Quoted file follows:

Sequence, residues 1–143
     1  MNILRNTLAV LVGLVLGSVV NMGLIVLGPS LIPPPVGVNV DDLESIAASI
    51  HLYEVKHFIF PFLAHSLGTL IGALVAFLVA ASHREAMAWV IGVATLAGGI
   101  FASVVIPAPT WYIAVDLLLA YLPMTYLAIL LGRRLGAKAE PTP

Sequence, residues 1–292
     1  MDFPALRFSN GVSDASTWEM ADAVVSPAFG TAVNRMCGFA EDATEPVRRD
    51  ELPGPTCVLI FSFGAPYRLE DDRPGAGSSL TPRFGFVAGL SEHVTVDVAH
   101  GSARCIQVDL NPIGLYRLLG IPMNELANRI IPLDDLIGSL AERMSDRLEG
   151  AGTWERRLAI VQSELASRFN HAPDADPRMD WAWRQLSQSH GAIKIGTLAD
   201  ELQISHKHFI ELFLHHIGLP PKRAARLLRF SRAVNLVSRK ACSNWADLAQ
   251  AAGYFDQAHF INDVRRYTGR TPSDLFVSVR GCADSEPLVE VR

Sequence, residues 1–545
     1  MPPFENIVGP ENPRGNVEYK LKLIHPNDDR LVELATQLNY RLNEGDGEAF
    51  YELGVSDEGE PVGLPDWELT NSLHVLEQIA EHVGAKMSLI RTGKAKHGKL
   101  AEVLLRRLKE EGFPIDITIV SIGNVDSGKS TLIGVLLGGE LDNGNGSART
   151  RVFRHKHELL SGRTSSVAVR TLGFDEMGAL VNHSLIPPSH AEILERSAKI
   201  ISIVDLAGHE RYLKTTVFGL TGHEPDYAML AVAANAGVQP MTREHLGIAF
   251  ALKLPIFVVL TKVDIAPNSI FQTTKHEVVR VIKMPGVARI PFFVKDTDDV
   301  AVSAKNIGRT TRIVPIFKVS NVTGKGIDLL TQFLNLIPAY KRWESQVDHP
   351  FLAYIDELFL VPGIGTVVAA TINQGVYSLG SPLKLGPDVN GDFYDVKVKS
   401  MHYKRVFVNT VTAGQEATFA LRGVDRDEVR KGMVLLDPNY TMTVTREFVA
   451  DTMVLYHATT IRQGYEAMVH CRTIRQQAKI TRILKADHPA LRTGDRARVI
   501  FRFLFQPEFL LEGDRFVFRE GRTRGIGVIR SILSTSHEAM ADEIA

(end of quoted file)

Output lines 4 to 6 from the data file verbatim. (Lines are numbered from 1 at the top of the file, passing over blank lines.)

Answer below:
   101  FASVVIPAPT WYIAVDLLLA YLPMTYLAIL LGRRLGAKAE PTP

Sequence, residues 1–292
     1  MDFPALRFSN GVSDASTWEM ADAVVSPAFG TAVNRMCGFA EDATEPVRRD